It's not a record shop unless it has every variation of your favourite Lana Del Rey record
In their ongoing mission to reduce real live human beings to organisms that merely exist to carry out monetary transactions, Nielsen recently released the “Nielsen 2014 Music Canada Report” which outlined the patterns of Canadian music consumers. Behind the math stuff, asinine buzzwords, and dehydrated terminology (“Vinyl LPs”) the report offers a glimpse into the nature of Canada’s confused and much maligned music culture.
With listening habits empirically laid out, an analysis of our national aesthetic can be made and judgements can be doled out swiftly. For example, one of the most interesting findings in the report showed that 2014 was the biggest year for vinyl album sales in the Soundscan Era (for non-industry types this means since 1991). Over 400 000 wax records were sold in 2014. Out of those vinyl sales, only half of the top 10 represented records from currently active artists. Teens who have too many Billabong t-shirts bought 4,000 Bob Marley records, while Led Zeppelin takes up three whole spots with 8,100 records sold between albums I, II, and IV.
Fun Fact: David Gilmour is Michael Keaton's older brother.
This means people actually paid money to hear David Gilmour self-indulge in 10 minute weak-ass solos on their shitty turntables. To boot, the active artists on this list like Jack White, Foo Fighters, and the Arctic Monkeys are essentially sonic sound-alikes of the aforementioned musicians. The Arctic Monkeys actually topped the list with 4,100 records sold. Clearly, this a reflection of the purchasing attitudes of the much beloved "I was born in the wrong generation" millennials who imagine a world where all songs are steeped in blues guitar and classic rock. Going as far to believe that the vinyl experience makes for authentic listening (the same versions of the older sounds—just watered down and without the pain, context, and oppression) on what they consider to be a “real” medium (a wax disc that scratches and warps easily and isn’t uploadable to an iPod). As a result, their purchasing habits are increasing at a record pace, and the Nielsen data reflects this.
For some, vinyl offers the sweet taste of alternative "indie" culture. It offers the feeling of being on the outside without actually emotionally investing yourself in anything. The albums that Canadians are buying are the ones that you see at the checkout line in Urban Outfitters, not the ones you’d find in your local record shop. What the report tells us is that vinyl can only be considered a fad if idealization of the past ceases to exist. In addition, there’s also a strong consumer base in French Canada who are willing to pay for only certain types of music. Case in point, the top three albums sold across the entire country are from Francophone artists Bobby Bazini, Serge Fiori and Fred Pellerin. Bazini actually breaks the 100,000 threshold with 102,000 units sold, while Fiori comes scarily close with 99,000 units sold. This is incredible, considering that the Francophone population makes up only 20% percent of the country. What does this say? Either Francophones really like to support their own, or maybe that they feel that it’s necessary, considering the dominance of English Canada.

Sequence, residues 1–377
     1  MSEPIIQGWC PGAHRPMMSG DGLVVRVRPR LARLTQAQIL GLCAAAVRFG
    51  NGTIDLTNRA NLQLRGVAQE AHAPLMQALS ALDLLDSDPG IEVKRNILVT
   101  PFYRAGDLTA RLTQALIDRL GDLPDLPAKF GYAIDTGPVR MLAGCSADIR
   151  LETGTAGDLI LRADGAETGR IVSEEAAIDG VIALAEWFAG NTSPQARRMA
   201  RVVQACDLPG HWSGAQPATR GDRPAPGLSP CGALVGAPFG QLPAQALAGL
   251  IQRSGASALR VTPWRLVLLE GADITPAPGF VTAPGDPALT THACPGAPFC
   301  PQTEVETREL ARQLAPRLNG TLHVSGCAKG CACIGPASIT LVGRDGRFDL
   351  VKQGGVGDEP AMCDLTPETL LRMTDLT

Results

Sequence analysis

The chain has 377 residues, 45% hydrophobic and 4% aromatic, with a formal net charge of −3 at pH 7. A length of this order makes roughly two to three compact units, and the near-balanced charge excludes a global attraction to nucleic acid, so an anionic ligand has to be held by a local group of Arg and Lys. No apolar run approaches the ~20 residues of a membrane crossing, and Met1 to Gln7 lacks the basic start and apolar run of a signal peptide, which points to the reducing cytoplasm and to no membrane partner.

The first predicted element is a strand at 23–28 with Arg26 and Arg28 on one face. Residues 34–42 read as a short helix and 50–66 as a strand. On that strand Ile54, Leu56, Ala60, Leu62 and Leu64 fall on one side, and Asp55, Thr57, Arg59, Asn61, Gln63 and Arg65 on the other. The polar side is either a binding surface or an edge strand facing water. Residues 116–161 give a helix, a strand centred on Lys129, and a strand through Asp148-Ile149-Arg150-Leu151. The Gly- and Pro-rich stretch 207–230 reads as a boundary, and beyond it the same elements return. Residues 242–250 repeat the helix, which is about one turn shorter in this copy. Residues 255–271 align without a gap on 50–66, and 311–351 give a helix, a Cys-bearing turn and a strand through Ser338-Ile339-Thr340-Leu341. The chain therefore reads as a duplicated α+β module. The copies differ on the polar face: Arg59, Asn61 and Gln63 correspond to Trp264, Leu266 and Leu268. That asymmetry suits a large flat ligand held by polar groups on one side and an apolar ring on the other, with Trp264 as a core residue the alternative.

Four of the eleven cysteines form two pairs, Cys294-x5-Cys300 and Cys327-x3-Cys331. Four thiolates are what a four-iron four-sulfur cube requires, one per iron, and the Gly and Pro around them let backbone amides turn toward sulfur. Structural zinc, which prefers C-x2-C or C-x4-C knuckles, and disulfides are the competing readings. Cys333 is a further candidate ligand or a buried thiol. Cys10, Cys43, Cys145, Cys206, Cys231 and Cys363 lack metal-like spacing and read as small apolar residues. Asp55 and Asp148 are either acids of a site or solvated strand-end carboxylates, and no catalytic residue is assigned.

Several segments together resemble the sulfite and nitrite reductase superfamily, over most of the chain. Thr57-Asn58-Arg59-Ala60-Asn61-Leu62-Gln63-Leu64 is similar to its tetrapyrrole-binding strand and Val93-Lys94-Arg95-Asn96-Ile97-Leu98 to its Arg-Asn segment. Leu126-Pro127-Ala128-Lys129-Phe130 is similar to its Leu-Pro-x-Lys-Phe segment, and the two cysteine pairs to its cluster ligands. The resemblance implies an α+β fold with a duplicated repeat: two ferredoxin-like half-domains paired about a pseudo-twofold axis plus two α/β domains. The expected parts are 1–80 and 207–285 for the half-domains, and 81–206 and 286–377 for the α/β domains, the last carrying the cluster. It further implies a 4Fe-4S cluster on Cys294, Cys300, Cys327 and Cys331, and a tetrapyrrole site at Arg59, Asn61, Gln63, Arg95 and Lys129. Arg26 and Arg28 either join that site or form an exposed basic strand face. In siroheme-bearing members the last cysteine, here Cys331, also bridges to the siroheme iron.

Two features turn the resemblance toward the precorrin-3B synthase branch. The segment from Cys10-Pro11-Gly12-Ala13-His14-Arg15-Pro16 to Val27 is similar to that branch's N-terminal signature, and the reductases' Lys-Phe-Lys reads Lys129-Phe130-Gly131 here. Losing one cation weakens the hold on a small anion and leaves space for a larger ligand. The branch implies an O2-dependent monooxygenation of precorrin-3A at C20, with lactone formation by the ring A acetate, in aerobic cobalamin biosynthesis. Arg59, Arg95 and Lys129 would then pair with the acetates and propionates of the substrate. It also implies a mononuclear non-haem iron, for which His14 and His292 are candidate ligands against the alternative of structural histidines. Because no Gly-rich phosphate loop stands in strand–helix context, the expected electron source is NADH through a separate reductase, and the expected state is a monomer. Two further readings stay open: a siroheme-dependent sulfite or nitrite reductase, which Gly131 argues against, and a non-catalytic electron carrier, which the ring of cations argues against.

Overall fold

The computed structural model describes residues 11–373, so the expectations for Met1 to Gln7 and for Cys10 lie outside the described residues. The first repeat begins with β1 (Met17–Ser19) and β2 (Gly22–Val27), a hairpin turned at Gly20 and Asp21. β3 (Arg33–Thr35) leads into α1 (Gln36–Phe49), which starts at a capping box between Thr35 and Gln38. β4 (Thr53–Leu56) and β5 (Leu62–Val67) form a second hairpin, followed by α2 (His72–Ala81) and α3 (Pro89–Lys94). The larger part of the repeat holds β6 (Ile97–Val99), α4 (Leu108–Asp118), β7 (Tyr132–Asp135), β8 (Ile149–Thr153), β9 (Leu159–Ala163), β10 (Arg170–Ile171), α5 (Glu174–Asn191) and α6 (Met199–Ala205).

There's something tragically beautiful about that couch. What that is, only Bobby Bazini knows.
Looking at the report as a whole it appears that we can make the assumption that Canadian music listeners are rationally ignorant. They are satisfied with the radio hits and have no incentive to delve deeper into other genres. Although, that’s not a terrible thing. The concept of rational ignorance comes out of economic literature, but it has historically been applied to many other fields, including the study of cultural policy. For most Canadians, keeping up with new music is hard enough so music nerds shouldn’t be bemoaning the fact that the majority of the country doesn’t care about Toronto’s thriving noise scene, shoegaze bands from Vancouver, or guitar pop geniuses from the Maritimes. The process of educating oneself about the diversity of Canadian music has a cost that manifests itself in time commitment. This very same time commitment of scouring through Bandcamp is what my professor would like to call an “opportunity cost,” meaning time could be better spent exercising, staying informed about public affairs, or raising children.
However, there is an outlier of the population that gets a marginal benefit from immersing oneself in the absolutely insane amount of music that gets released every year. These are Noisey writers, college students and curmudgeons who used to be in terrible punk bands that opened for Fugazi once. A lot of these people wish that Taylor Swift, Katy Perry, or Ed Sheeran satisfied them, but they don’t. Let us celebrate that the majority of our nation is, at least according to Nielsen, not part of this suffering.
Mitch Jackson is a writer living in Ottawa - @gladst0ned